Background: Several European studies have found significant small area variation in childhood-onset (Type 1) Diabetes (T1D) risk, which has been interpreted as evidence for contextual determinants of T1D. However, this conclusion may be fallacious since the limited number of newborns and the low risk for T1D is a source of spurious variability not properly handled by usual statistical methods. This study investigates the existence of contextual effects in the genesis of T1D, confronts conclusions in previous reports with results obtained in a multilevel regression framework, and highlights analysis of variance as a useful approach in Public Health.
Methods: All singletons born in Sweden between 1987 and 1991 were identified in the Medical Birth Registry (n=560766), and followed for diabetes until age fourteen using the Hospital Discharge Registry. Area variation in cumulative incidence of T1D was estimated by different statistical methods including multilevel logistic regression.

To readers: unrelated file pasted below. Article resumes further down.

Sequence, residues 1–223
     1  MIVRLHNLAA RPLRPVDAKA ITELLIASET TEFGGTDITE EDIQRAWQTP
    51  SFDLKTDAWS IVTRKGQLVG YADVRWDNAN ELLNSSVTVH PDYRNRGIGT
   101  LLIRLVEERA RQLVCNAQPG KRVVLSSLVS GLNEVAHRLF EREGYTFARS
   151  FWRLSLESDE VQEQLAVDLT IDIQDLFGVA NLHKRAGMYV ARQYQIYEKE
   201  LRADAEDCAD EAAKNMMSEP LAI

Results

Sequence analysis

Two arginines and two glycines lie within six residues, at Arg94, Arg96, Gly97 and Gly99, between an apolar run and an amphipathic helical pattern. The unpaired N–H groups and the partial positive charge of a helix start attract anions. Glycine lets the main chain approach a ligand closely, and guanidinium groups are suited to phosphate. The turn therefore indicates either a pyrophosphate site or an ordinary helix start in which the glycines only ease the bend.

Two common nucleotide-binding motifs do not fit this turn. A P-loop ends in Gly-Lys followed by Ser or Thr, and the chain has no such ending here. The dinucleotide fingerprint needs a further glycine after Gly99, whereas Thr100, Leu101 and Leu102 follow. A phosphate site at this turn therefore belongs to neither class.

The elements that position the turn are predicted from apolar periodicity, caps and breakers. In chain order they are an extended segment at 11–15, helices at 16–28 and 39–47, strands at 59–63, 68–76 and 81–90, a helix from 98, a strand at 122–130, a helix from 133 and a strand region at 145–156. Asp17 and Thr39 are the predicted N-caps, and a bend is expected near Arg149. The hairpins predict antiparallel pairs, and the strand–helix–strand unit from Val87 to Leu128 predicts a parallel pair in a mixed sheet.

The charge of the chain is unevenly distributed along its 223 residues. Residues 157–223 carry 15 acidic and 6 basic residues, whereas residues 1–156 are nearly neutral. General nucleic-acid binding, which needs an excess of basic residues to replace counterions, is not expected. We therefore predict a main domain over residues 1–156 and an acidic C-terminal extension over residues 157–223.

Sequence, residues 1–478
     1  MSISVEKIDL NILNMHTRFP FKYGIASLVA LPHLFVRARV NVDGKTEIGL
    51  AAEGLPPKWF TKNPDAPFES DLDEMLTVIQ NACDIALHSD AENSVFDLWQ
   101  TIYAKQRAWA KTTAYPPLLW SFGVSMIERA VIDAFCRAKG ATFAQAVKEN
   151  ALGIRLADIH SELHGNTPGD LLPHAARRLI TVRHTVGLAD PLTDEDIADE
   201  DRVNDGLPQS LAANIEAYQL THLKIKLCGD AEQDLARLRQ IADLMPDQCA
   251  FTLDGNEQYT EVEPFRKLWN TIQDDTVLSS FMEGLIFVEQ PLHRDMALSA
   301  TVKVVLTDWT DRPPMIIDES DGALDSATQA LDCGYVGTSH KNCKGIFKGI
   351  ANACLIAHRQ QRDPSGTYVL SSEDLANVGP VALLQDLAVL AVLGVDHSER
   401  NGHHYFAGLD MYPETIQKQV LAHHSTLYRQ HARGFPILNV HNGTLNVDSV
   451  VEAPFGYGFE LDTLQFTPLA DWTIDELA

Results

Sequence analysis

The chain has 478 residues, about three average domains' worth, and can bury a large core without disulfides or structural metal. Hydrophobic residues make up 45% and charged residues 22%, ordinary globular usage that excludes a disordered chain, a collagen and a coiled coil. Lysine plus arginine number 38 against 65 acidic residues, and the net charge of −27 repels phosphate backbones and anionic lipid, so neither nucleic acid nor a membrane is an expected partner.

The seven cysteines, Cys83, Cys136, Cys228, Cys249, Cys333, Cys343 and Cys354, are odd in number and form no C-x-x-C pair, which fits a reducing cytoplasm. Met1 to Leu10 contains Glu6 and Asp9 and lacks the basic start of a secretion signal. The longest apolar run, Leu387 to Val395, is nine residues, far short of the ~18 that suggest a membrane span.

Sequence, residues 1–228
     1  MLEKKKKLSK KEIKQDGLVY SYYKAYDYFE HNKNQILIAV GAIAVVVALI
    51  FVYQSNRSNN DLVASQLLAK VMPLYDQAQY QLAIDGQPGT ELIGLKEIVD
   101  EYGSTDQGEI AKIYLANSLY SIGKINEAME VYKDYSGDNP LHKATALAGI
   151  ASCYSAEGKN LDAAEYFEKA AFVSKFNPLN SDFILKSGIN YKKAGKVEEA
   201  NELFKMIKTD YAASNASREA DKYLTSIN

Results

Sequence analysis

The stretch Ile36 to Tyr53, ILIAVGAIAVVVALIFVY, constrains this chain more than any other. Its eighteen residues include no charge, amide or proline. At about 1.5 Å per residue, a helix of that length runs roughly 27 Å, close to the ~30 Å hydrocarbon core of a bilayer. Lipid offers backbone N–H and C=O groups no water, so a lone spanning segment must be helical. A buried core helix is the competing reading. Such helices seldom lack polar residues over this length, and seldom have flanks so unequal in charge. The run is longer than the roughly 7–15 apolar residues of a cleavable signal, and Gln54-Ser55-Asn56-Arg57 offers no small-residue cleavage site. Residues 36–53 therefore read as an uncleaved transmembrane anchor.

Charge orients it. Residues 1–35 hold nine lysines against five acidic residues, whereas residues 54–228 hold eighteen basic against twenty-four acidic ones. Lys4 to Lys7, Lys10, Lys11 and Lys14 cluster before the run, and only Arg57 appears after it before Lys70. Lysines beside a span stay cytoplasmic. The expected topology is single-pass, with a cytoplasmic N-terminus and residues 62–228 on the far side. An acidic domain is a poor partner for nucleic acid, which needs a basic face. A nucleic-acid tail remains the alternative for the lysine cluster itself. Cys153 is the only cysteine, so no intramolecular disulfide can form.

Results: T1D risk ranged from 4.3 to 6.5 per 1000 newborns across the counties (n=24) and from 0.0 to 19.2 per 1000 newborns across the municipalities (n=284). These differences were significant in standard statistical tests (counties, p=0.02; municipalities, p=0.007). However according to multilevel analyses, T1D risk ranged from 4.7 to 5.7 and from 4.4 to 6.0 per 1000 newborns in counties and municipalities respectively and the area variation was small and without practical relevance (counties, σ2=0.006; municipalities, σ2=0.017).
Conclusion: Previous reports based on standard statistical tests are misleading. According to multilevel analysis, administrative areas have minor relevance for individual risk of Type 1 diabetes in Sweden.
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